Verizon (VZ) shares are trading off Thursday following the news that Warren Buffett’s Berkshire Hathaway (BRK.A) shed its position in the communications company, as its trimmed some other underperforming stocks. If you’re a longer-term investor in the shares of Verizon, like Buffett has been, the shares have fallen more than 22% since peaking near $57 in late 2020. Odds are Buffett is asking himself whether VZ shares can retrace that move, and if so how long will it take. Depending on the answer, it could mean lost opportunity for the Oracle of Omaha.
Let’s ask the above question somewhat differently.
Do we see VZ shares retracing and moving past the $57 level?
The short answer is yes, it’s likely, given our $55 price target, but given the move lower in the Wall Street consensus price target to $50 from $57 earlier this year, odds are Buffett is thinking it would be better to cut the loss and move on.
There of course will be some haters that pile on, with some even looking to compare Verizon to AT&T (T) , but while the two offer competing services their balance sheets tell a very different story. Exiting the June quarter, AT&T’s debt coverage as viewed through earnings before interest, taxes, depreciation, and amortization/interest expense was 6.9-times, while that ratio at Verizon was 15.1-times. Another criticism points to AT&T’s recent dividend cut to $0.2775 per share per quarter from $0.52.
Earlier this month, Verizon paid its latest $0.64 quarterly dividend, which marked the fourth such payment. We’d remind members Verizon has been increasing its dividend for the last 15 years, which includes not only the Great Recession but also the pandemic. Given its earnings prospects and with its dividend payout ratio near 50%, odds are high the company announces a boost to its quarterly dividend during final month of the current quarter. Over the last few years, that announcement has come during the first several days of September. Even a modest increase would inch up the 5.6% dividend yield currently offered by the shares, and that is likely to catch the eye of investors looking for more defensive plays should the economy continue to slow.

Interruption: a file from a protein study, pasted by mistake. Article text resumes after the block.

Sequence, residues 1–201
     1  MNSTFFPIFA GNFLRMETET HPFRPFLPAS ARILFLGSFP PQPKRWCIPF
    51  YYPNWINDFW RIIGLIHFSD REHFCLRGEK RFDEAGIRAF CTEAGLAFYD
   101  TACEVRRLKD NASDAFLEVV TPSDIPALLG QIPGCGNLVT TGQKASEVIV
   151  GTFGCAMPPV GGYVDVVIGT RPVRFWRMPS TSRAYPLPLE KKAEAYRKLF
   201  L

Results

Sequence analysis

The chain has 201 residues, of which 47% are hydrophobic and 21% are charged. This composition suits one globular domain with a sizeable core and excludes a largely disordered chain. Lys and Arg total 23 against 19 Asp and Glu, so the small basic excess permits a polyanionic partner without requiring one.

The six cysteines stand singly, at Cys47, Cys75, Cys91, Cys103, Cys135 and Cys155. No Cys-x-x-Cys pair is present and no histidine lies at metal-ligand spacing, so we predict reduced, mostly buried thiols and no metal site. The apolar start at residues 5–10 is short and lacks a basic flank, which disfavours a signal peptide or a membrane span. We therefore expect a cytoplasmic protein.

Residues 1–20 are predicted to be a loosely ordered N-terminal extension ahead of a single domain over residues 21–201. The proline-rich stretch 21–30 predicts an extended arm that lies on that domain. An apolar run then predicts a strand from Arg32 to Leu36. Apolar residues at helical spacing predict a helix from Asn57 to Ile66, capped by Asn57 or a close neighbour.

We have watched the wireless business long enough to know Verizon and AT&T have long cycles. In this case, the cycle down may be a bit longer than expected, because the previous up cycle was longer, literally uninterrupted from 2020. So, while the stock has turned down and is now testing a long-term support area at the 100-month moving average, we should see this stock settle down — it’s the first time since 2010 the stock has visited that moving average — and eventually make a run higher. We’ll be patient and continue to get paid a handsome dividend yield better than 5% while waiting.
The portfolio has a small position in VZ shares, and in keeping one of our strategies, we’re inclined to add to it on pullbacks. That’s something we’d consider, especially since the shares have bottomed out at an average dividend yield of 5.1%, which implies a $51 share price.